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1. Department of Science and Technology: National System of Innovation (NACI), Research and development and promotion of a Knowledge Economy. Science Parks and research centres (CSIR, NRF). 2. Department of trade and Industry: Industry competitiveness, industry marketing, industrial zones, trade agreements, cost of R&D and funding mechanisms (IDC), business regulator, intellectual property (CIPRO), standards (SABS) and industrybased skills training (SETA‟s), BEE charters, industrial policy. 3. Department of Education: GET, FET and HET curricula development, education policy, scarce skills. 4. Department of Arts and Culture: Heritage, Indigenous Knowledge Systems and intellectual property, culture, craft. 5. Department of Finance: Fiscal and monetary policy, national budget and departmental budgets, policy for tax breaks for R&D. Each department has a structure of how to develop policy and strategies. For instance, DESIGN in the Department of Science and Technology should be approached through the „national system of innovation‟ and the development of a „knowledge economy‟ because design is a „knowledge generating activity‟ and results in new patents and design registrations. Advanced manufacturing is also the domain of the DST because the manufacturing process relies heavily on Information and Communication Technology (ICT). Typically, the design process uses tools such as computer aided-design and rapid prototyping. On the other hand, the Department of Trade and Industry (DTI) is concerned with the competitiveness of industry and will thus focus on how to make manufacturing more productive in using new production methods or creating mechanisms to foster R&D through competitiveness funds, export incentives and use of intellectual property. The DST works through „technology missions‟ defined by the national research and Development Strategy whereas the DTI works through targeted „industry sector‟ interventions such as furniture, tooling or craft sector. Both DST and DTI will have initiatives for Human Resource Development but will take a different approach – DST through developing programmes to encourage learners in subjects such as Maths and Science and careers in science, technology and engineering, whereas the DTI will concentrate on the skills levy and SETA‟s for the specific industry sectors. However, both DST and Dti will have to comply and collaborate for new education programmes that align to the Department of Education and their curricula policies. The Department of Finance has to fund all these different initiatives and ensure that they align to the „national development agenda‟. Therefore, any approach to government for the development of Industrial Design has to take ALL relevant departments into consideration. The roles, mandate, functioning, strategies and programmes and funding mechanisms of all relevant departments have to align and make sense to the overall government agenda and programmes such as the Accelerated and Shared Growth Initiative for South Africa (AsgiSA) and the associative skills development committee of AsgiSA, known as JipSA. The entry point for discussions with government concerning a professional body should be aimed at our core industry sector which is MANUFACTURING. The two most important departments to approach are the DST and DTI as both share the mandate for developing the manufacturing sector. Social The most fatal constraint that apartheid left is a legacy of inferior education that resulted in insufficient skilled professionals, managers and artisans. Particularly adults, who are illiterate and poor, need to be drawn into the economy. (See Annexure B for more information on AsgiISA & JipSA).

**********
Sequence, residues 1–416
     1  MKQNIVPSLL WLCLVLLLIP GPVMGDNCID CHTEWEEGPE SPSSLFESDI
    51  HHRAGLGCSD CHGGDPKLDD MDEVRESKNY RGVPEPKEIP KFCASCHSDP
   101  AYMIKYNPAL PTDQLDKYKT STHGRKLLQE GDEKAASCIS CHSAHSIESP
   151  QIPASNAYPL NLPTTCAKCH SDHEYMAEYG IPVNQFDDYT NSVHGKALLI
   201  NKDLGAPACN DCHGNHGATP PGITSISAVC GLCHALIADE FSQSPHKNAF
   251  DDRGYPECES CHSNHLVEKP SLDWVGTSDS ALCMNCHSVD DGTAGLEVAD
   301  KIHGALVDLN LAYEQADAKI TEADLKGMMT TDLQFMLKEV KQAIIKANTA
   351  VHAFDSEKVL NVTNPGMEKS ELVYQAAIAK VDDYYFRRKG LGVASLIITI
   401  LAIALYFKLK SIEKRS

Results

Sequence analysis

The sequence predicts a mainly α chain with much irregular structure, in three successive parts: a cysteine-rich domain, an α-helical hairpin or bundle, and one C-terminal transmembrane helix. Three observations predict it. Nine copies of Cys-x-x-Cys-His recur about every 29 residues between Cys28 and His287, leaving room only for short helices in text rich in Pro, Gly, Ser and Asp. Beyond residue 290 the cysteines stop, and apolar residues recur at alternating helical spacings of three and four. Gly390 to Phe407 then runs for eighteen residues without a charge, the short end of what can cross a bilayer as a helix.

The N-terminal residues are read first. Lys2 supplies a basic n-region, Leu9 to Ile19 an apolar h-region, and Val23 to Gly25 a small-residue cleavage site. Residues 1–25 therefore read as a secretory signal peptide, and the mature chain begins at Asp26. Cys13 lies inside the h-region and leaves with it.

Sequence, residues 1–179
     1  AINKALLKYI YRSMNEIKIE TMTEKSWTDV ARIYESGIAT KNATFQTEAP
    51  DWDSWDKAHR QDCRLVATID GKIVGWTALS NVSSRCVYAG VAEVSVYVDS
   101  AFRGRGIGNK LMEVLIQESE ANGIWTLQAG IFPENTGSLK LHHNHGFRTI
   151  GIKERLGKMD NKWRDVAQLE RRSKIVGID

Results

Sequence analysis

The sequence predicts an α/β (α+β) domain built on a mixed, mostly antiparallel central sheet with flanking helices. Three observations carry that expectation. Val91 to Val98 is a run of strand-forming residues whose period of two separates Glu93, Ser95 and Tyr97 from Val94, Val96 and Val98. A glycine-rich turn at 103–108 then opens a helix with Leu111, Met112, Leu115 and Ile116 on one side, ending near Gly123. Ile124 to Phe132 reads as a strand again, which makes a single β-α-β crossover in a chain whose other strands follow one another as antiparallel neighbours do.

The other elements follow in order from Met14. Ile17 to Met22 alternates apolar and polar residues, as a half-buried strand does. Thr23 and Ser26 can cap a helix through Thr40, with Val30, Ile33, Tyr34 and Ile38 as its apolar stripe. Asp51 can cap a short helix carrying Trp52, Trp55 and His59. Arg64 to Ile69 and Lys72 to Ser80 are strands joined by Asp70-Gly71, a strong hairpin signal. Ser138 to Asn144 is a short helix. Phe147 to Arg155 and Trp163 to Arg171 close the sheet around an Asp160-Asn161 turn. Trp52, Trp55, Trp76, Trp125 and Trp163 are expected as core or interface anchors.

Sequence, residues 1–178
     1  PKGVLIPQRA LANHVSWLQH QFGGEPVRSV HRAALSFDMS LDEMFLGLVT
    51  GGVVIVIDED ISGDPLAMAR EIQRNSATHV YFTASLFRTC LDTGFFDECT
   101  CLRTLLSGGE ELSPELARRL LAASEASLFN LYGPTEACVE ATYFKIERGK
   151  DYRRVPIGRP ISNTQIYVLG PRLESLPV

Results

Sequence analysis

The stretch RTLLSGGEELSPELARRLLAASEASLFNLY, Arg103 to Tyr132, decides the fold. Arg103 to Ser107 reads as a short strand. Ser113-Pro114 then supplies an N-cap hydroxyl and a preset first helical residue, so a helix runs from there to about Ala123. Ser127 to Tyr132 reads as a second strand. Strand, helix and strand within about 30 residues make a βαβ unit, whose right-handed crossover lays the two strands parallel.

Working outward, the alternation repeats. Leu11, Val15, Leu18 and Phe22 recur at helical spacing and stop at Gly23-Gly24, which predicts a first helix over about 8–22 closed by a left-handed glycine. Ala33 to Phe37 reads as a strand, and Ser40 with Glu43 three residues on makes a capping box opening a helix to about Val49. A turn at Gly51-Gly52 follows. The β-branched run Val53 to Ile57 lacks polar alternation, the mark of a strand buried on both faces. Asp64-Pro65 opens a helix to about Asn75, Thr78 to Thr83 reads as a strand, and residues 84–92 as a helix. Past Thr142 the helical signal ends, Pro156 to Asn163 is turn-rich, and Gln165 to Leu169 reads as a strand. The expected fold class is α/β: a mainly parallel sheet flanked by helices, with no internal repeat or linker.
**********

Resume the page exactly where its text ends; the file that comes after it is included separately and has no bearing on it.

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JipSA is one of the interventions that have been introduced to address this skills challenge. JipSA will also work with business to meet its BBBEE obligations to skills development. Technological The economist Schumpeter believed that technological change and capital accumulation are the drivers of growth. The neo-Schumpeterian economists support the notion that economic growth arises out of competition among companies who try to increase their profits by utilising resources to create new products and developing new ways of making existing products. However, this requires both macro-economic and technical change which, together with market uncertainties, creates risk-averse companies that do not invest in innovative projects. Therefore the state must promote such investment by providing a stable economic environment of low inflation, stable growth, low interest rates and encourage entrepreneurial activity through subsidising, providing tax incentives and supporting a national system of innovation. The DST is responsible for SA‟s national system of innovation that maintains an adequate science base and translates it into jobs and growth. The approach of NSI in recognising the non-linearity of innovation – where performance is a function not only of the innovation in individual organisations but also of the relationships and networks between institutions – is increasingly driving government towards the role of catalyst, facilitator and strategic investor. The DST‟s mission is to co-ordinate interdepartmental partnerships to leverage coherence in the Science & Technology system by supporting sector-specific departments to develop their R&D strategies, thereby consolidating for government a national science and technology expenditure plan. The SA Government, in recognising the importance of manufacturing in the economy, recently identified two strategies, The National Research & Development Strategy and the Integrated Manufacturing Strategy. The first, released by the DST aims at ensuring that technology resources are better developed, focussed, and utilized. With the second, the DTI recognizes that SA‟s future competitiveness will depend on the capacity of the manufacturing sector to master advanced technology domains, to innovate and to meet the precise needs of customers. The CSIR has been redirected to operate from within the DST, along with the new incubator and technology transfer programmes Godisa and Tshumisano. These were established to serve the needs of small businesses with current technology. The National Research Foundation supports and promotes research through funding, human resource development and the provision of the necessary research facilities, in order to facilitate the creation of knowledge, innovation and development in all fields of the natural and social sciences, humanities and technology. The Frontier Science and Technology Programme provides leadership in respect of long-term and cross-cutting research, and human capital development in the National System of Innovation. The programme has two focus areas: the Frontier sub-programme focuses on the determination and development of cross-cutting research, development and innovation that would support the evolution of the National System of Innovation towards a worldclass science and technology portfolio. The Human Capital sub-programme focuses on the formulation, development and implementation of national programmes aimed at the provision of knowledge and human capital. The sub-programme addresses the renewal of human resources for science and technology, taking into account the entire human capital pipeline. A better incentive for private R&D investment is one of the cross-cutting industrial policy challenges that is being addressed by the government. This has resulted in the DOF offering a 150% tax deduction on R&D to become effective in 2007.